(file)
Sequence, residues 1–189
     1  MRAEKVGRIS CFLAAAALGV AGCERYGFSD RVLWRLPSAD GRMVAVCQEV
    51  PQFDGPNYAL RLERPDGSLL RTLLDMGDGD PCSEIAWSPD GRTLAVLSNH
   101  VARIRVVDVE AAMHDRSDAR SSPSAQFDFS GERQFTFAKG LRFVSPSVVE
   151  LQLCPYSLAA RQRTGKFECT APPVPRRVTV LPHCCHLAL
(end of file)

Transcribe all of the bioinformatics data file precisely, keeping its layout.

Sequence, residues 1–189
     1  MRAEKVGRIS CFLAAAALGV AGCERYGFSD RVLWRLPSAD GRMVAVCQEV
    51  PQFDGPNYAL RLERPDGSLL RTLLDMGDGD PCSEIAWSPD GRTLAVLSNH
   101  VARIRVVDVE AAMHDRSDAR SSPSAQFDFS GERQFTFAKG LRFVSPSVVE
   151  LQLCPYSLAA RQRTGKFECT APPVPRRVTV LPHCCHLAL